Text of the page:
Cylindra heirloom beets

Cylindra heirloom beets

I found these at Central Fresh Market in downtown Kitchener: interesting (and unfamiliar) cylindra beets.

Named, obviously, for their shape, the beet root grows roughly like a carrot and can be over six inches in length. They are an heirloom variety that likely came from Denmark in the late-1800s and, although I haven’t tried the greens, they are apparently sweeter than common beet greens.

The flesh inside is deep, deep crimson-red and has a faintly sweet flavour. Perhaps their popularity though is hampered by their phallic shape?

Raw cylindra beets (Photo: WREats).

Cylindras are also known as “formanova” or “butter slicer” beets — apparently because of the E-Z slicing texture, but I didn’t notice much difference from a regular ol’ beet. Of course, because they are cylindrical, the shape makes them efficient for use in the kitchen with easier peeling, less waste and uniform cutting, especially for something like pickling.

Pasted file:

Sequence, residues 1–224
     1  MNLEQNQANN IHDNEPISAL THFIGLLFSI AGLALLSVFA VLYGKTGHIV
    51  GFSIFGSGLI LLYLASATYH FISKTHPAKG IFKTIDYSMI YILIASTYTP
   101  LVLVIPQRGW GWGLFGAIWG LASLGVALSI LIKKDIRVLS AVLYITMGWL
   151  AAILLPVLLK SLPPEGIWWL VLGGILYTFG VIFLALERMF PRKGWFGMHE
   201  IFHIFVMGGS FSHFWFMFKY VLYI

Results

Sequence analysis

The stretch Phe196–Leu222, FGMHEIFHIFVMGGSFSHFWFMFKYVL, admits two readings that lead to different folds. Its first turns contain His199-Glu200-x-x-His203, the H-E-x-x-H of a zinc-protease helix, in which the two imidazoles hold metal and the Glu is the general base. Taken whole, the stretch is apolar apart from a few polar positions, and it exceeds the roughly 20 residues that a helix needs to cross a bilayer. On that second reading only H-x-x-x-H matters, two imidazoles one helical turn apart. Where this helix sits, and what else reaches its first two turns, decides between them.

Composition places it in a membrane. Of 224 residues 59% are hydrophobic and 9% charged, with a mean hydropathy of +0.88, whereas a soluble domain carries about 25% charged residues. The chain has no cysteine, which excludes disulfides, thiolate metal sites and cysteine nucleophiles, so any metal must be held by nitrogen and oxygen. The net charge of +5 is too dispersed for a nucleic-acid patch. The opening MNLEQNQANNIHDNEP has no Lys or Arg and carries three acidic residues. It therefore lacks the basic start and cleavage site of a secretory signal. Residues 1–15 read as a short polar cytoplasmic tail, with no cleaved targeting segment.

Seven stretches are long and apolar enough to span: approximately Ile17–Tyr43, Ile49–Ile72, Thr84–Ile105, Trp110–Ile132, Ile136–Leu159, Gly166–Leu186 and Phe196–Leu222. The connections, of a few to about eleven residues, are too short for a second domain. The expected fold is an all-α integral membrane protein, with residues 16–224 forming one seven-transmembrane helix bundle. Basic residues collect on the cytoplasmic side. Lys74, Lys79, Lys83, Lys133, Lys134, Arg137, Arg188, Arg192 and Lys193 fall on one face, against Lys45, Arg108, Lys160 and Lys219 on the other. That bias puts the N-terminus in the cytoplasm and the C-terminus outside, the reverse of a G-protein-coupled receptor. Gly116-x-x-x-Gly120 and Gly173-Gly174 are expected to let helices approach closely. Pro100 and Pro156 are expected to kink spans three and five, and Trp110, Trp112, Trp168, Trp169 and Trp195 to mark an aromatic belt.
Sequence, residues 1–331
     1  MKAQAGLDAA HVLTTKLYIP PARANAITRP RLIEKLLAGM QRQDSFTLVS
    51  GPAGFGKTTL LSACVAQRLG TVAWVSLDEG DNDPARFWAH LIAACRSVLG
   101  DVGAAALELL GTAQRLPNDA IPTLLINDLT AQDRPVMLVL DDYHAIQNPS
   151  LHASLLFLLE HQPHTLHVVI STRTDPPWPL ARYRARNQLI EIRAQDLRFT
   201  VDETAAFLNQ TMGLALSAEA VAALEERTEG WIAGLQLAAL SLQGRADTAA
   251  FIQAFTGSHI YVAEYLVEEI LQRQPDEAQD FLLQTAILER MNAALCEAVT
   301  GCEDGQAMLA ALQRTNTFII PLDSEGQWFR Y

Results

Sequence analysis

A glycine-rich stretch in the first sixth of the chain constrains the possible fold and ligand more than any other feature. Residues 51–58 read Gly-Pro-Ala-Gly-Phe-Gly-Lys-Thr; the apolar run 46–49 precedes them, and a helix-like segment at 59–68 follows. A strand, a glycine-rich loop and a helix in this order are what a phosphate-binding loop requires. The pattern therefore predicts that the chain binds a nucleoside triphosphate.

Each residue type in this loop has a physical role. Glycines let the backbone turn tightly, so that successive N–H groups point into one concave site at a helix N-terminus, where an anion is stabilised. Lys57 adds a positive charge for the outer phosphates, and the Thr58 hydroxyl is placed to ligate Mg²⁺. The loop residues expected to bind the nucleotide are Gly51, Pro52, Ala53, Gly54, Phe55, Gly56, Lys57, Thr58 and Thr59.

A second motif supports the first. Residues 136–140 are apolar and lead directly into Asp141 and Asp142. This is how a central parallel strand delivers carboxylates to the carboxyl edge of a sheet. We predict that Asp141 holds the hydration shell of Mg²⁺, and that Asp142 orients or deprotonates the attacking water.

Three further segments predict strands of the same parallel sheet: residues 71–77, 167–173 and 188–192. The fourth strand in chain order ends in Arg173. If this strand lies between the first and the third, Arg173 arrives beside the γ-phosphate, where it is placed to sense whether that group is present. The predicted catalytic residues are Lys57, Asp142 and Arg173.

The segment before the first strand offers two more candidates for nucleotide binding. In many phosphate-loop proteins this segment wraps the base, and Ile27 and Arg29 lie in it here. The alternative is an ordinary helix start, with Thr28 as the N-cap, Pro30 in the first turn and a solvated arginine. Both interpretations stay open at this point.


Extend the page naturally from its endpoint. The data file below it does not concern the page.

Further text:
For farmers, because they can be grown close together (again because of their elongated shape), they make for higher crop yield and do well in our cooler climates

I washed these cylindras, bathed them in olive oil, sprinkled with salt and pepper and added some fresh rosemary before wrapping them in aluminum foil and roasting them in a 425-degree the oven until soft. The skins peeled off easily. And they tasted pretty good too.

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